This recent decision from the British Columbia Supreme Court commented on a plaintiff’s responsibility to mitigate their damages when they have limited means to do so. Madam Justice Wilkinson declined to reduce the damages award for failure to mitigate in light of the plaintiff’s circumstances. Within the broader context of the plaintiff’s limited means they could not have been legally obliged to pursue any more treatment than they had.
The plaintiff, Sara Trafford, was involved in two motor vehicle accidents; the second approximately ten months after the first. Liability was not in issue in either accident. Ms. Trafford suffered a concussion on both occasions, she was respectively 17 and 18 years old.
Ms. Trafford’s home life was difficult with a single parent who suffered from schizophrenia. She therefore was cared for intermittently by different family members and the Ministry of Child and Family Development. The plaintiff’s personal circumstances were an important factor in the reasons for this decision.
The decision in many ways favoured the position of the plaintiff notwithstanding Ms. Trafford having been assessed as an unreliable witness at the outset. The inconsistent testimony considered was however, only in relation to the severity of her injuries and their effects.
Ms. Trafford was in high school at the time of the first accident and working as a hair stylist at the time of the second accident. She suffered mild traumatic brain injuries in both accidents resulting in susceptibility to future brain injury. Further, the plaintiff experienced neck, trapezoid, and back pain that caused limited dysfunction.
Following the second accident she held a number of different positions, testifying to difficulties with almost every position she took:
- As a hairstylist it was difficult to be a personable hairstylist due to her symptoms. This meant fewer tips;
- As a driving sales associate she experienced pain from sitting too long; and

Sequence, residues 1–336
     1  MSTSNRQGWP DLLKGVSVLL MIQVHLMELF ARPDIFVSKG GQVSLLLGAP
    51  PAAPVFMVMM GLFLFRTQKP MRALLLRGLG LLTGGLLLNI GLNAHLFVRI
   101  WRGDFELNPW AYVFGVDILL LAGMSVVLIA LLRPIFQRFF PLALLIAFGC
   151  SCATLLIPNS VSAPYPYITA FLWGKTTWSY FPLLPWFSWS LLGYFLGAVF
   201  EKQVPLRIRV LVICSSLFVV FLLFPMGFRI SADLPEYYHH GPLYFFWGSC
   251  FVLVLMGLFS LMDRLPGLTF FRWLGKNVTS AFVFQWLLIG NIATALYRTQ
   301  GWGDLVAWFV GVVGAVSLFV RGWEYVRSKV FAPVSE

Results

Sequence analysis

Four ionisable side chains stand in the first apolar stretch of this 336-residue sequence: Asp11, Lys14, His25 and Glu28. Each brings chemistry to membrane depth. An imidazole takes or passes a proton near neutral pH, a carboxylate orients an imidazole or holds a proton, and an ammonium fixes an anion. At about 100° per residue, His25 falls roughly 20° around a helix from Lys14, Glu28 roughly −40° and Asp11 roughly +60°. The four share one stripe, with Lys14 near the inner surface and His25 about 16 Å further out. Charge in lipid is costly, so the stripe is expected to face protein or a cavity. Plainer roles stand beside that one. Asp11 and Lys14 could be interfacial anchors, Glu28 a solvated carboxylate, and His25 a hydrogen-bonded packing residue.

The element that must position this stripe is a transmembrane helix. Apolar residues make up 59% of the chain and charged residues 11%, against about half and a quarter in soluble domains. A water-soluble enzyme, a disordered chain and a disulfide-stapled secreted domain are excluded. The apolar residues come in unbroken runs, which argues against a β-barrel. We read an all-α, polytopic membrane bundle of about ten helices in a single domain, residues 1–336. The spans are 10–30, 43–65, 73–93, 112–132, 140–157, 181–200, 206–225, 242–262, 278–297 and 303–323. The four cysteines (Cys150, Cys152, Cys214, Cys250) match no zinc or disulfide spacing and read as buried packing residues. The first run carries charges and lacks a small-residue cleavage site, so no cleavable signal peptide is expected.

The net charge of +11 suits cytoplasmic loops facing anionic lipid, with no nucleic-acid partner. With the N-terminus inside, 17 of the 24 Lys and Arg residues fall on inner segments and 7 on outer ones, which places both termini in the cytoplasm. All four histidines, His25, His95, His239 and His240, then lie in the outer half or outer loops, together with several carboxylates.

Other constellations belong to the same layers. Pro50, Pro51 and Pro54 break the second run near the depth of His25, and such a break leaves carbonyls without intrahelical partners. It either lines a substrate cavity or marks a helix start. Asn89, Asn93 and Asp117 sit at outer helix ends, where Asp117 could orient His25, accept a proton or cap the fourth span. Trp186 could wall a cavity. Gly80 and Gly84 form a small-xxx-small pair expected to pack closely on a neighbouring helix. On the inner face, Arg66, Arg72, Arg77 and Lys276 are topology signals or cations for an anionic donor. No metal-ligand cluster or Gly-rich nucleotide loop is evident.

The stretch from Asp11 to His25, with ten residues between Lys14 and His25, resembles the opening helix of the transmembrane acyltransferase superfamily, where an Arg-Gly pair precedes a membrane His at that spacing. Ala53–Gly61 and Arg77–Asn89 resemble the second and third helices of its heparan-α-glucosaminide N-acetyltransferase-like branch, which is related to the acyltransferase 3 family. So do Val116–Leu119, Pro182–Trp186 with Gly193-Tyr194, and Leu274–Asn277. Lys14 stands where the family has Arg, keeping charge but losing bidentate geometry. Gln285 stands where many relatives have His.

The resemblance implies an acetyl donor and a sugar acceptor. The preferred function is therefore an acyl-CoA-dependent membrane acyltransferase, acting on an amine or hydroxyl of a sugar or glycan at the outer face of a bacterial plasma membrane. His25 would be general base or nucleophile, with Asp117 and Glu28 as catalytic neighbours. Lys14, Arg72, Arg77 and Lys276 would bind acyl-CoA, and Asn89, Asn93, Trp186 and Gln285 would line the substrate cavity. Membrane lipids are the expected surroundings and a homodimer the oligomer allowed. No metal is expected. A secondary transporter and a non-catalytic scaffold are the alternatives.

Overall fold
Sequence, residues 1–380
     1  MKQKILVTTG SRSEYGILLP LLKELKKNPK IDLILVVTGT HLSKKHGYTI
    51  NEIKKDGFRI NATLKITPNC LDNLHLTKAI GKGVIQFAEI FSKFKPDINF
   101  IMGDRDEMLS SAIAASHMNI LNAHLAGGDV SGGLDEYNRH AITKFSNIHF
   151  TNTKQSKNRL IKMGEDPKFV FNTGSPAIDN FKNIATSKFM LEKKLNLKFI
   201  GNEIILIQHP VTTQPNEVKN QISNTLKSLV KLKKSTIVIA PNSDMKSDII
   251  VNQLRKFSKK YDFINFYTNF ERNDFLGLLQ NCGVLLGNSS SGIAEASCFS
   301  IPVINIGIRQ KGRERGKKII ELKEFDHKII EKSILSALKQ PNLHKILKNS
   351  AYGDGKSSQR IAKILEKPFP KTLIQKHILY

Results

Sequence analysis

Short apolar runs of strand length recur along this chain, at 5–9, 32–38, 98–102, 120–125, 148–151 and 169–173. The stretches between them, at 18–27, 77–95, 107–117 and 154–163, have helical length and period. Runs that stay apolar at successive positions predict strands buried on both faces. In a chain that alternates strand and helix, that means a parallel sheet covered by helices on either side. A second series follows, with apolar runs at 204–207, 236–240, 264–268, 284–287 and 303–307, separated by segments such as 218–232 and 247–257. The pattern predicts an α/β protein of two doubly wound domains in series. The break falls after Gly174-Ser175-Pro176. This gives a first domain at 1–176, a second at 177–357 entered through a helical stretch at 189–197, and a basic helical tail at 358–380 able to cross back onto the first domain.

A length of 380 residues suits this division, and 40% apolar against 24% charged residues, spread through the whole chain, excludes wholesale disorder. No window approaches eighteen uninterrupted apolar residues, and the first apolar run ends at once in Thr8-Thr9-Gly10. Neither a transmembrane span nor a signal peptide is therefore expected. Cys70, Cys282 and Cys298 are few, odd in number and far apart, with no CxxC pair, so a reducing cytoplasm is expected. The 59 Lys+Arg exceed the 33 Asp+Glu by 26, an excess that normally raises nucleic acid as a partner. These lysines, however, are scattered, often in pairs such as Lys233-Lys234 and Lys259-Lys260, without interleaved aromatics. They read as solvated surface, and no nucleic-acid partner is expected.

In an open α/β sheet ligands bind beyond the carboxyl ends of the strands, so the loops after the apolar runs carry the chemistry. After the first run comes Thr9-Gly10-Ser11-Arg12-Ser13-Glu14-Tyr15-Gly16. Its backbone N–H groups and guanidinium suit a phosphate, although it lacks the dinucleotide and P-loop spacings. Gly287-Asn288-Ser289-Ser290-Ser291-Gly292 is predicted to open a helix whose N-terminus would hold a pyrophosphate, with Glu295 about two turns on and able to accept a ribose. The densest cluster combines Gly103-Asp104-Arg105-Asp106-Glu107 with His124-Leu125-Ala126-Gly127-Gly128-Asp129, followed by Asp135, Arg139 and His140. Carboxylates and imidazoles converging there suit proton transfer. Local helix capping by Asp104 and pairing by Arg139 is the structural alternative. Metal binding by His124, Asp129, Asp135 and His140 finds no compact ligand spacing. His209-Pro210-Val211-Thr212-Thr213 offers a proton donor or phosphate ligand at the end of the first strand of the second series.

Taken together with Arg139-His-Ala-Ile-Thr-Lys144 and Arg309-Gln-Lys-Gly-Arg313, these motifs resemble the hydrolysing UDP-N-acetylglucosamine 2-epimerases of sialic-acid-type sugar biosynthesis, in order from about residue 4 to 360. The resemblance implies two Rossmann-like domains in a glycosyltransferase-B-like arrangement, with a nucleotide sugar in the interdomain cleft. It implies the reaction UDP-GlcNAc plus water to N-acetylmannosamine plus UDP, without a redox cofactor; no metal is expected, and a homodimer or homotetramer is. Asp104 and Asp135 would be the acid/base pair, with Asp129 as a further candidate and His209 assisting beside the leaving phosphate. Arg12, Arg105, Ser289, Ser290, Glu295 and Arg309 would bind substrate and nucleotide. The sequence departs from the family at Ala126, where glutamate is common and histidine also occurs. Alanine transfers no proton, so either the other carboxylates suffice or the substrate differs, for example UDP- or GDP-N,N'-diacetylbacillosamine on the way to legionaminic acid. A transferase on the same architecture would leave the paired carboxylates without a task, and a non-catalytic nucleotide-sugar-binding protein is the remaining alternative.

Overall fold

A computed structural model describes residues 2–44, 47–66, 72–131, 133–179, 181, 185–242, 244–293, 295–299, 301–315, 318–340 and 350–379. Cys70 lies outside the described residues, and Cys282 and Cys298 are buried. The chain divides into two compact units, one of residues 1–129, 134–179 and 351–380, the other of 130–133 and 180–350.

- As a first aid attendant in a construction setting she experienced headaches from the blinking lights and beeping.
Ms. Trafford eventually returned to her position as a hairstylist and was accommodated by being able to sit between clients.
Expert Evidence and Mitigation of Damages
The expert evidence supported that causation of Ms. Trafford’s injuries was entirely due to the defendants’ negligence. Both the plaintiff and defendants made missteps in the Court’s view as to the expert reports.
First, the plaintiff submitted that the Court should draw an adverse inference from the fact the defendants did not enter into evidence the reports of the neurologist and physiatrist. The plaintiff highlighted that these expert reports had been prepared at the request of the defendants. Justice Wilkinson cited their own previous decision that: “there is no property in an expert witness”. No adverse inference could be drawn from the defendants’ decision not to rely on these reports.
Second, in the analysis of damages the defendants submitted that the recommendations for treatment in the expert reports were not followed by the plaintiff. The experts were not the plaintiff’s treating physicians and therefore no obligation existed to follow their advice. Beyond this fact neither is there an obligation on plaintiffs to review their own expert reports. Treatment recommendations, in terms of a consideration for mitigation of damages, were, in this decision, strictly limited to the clinical records and testimony of the plaintiff.
General Damages were awarded in the amount of $60,000 based on the plaintiff having suffered symptoms for three years. A consideration for loss of housekeeping capacity was wrapped into this award. There was no evidence to support a loss of housekeeping capacity, therefore what limited loss there may have been did not need to be quantified separate from the non-pecuniary award.